Pole Top Rescue Championship to Test Lifesaving Skills of Electric Line Workers
Raleigh, N.C. —North Carolina’s top electric cooperative line workers will converge in Raleigh on the morning of Wednesday, October 15 to determine the 2008 Pole Top Rescue Champion. The competition tests lifesaving skills in which all electric cooperative line workers must achieve proficiency.
The event will be hosted on the lawn of the Raleigh headquarters building for North Carolina’s electric cooperatives. This building is located at the intersection of Capital and Sumner Boulevards. The competition starts at 9 a.m. on Oct. 15 and is scheduled through 1 p.m. Vying for the state title will be 25 local cooperative champions. More than 600 line workers competed in local and regional competitions this year.
At the Pole Top Rescue competition, a line worker must perform in a scenario which finds a fellow worker unconscious atop a utility pole. The competitor must radio for help, don full climbing gear, scale 20-feet up a utility pole, rig a rope, lower a 105-pound mannequin and begin CPR. Previous winners have completed the competition in less than two minutes.
Two-time defending champion Leonard Person from Tri-County Electric Membership Corporation, headquartered in Dudley, N.C., returns and is the odds-on favorite. In 2006, Person beat his own record and completed the competition in a time of 1-minute, 36.7 seconds. To train for this competition, Person installed a utility pole in his back yard to practice his climbing skills. Person will be one of the first people to compete at 9:30 a.m., which means other competitors will know what they’re up against in the fight to take first place and the $1,000 prize.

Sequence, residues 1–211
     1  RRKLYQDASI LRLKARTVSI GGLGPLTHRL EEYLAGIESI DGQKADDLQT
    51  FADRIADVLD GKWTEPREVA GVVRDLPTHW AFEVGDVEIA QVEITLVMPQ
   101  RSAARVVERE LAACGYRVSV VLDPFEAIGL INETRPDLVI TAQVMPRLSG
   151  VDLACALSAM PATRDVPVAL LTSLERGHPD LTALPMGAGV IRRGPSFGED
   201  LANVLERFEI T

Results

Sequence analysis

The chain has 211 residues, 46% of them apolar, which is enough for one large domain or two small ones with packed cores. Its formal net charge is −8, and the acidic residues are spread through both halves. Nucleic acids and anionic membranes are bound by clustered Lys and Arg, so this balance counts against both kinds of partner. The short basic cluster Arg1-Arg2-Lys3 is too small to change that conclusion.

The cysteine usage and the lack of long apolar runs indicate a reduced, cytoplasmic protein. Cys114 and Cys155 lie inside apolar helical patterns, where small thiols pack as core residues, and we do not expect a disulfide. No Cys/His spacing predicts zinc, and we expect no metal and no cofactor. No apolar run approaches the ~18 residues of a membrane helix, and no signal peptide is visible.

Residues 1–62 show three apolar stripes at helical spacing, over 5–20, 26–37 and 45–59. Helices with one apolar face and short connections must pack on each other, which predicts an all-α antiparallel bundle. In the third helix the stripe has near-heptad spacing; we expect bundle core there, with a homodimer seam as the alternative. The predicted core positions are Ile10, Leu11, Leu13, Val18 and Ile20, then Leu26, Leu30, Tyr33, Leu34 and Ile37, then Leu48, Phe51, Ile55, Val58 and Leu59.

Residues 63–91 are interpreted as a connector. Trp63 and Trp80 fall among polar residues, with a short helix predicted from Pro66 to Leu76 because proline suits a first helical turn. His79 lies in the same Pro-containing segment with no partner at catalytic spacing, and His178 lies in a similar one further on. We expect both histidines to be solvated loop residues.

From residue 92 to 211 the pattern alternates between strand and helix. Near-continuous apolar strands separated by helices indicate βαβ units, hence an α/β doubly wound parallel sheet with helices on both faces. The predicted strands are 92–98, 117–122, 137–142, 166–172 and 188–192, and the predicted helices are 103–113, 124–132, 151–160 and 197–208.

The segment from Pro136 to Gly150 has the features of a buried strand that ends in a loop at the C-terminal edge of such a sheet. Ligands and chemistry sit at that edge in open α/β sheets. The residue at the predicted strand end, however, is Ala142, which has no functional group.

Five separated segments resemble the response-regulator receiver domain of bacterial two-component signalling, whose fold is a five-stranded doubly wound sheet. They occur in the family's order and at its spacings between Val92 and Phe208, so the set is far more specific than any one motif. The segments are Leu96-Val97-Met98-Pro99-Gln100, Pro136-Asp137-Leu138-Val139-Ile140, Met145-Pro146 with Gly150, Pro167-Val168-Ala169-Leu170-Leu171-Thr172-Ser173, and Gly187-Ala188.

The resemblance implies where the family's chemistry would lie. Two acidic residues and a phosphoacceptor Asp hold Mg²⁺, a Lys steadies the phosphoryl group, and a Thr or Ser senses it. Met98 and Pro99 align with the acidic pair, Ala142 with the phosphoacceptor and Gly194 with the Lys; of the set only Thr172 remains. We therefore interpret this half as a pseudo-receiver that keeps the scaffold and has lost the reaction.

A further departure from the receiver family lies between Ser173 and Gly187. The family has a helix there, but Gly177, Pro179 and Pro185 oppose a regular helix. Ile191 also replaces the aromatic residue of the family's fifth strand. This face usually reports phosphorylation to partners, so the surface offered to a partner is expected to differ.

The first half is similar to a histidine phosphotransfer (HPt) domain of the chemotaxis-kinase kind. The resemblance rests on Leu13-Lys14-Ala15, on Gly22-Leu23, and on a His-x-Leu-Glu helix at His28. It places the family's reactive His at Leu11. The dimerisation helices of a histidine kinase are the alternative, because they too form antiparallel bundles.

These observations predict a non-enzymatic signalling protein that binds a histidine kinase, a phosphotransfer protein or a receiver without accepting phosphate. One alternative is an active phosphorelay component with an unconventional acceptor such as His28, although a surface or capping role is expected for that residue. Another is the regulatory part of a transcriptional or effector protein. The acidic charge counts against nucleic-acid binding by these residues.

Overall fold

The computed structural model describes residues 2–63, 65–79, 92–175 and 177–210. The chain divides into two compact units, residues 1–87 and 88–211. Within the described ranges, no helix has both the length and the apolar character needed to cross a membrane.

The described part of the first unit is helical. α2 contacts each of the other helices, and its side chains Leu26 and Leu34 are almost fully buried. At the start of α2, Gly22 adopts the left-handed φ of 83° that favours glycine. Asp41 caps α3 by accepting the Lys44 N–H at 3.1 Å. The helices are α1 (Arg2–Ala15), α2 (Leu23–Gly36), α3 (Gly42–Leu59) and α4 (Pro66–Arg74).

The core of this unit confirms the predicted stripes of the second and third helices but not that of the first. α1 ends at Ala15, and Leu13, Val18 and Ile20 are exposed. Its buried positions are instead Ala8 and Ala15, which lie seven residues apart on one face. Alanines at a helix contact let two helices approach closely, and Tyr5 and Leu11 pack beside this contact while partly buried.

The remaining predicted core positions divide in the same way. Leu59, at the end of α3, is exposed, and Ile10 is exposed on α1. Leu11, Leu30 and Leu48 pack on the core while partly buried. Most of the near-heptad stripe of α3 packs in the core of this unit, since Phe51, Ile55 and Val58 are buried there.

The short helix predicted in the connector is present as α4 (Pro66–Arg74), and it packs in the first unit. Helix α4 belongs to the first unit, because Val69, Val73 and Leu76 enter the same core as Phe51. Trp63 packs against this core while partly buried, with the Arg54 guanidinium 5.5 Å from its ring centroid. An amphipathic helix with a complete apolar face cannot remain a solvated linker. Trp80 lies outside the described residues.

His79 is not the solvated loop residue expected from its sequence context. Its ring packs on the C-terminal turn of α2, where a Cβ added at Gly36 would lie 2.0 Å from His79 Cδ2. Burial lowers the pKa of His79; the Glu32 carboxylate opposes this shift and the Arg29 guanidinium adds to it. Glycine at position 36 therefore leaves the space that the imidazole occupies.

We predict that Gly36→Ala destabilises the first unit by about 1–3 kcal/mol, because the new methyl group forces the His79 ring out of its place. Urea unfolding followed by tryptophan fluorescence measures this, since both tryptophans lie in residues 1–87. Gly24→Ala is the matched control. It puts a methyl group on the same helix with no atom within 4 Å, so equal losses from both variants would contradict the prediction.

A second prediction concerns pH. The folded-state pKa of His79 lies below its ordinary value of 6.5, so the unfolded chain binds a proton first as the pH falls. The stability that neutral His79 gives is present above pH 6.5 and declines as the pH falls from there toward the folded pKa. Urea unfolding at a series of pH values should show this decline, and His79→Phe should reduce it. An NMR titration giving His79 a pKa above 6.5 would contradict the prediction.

The scenario used at the pole top rescue competition is the same one all North Carolina electric cooperative line workers must perform in less than five minutes in order to maintain their certification to work on co-op lines.
North Carolina’s electric cooperatives provide energy to 2.5 million people in 93 of 100 counties, primarily in the rural parts of state. The electric cooperatives own and maintain 95,000 miles of power lines, by far the most of any electric utility in North Carolina.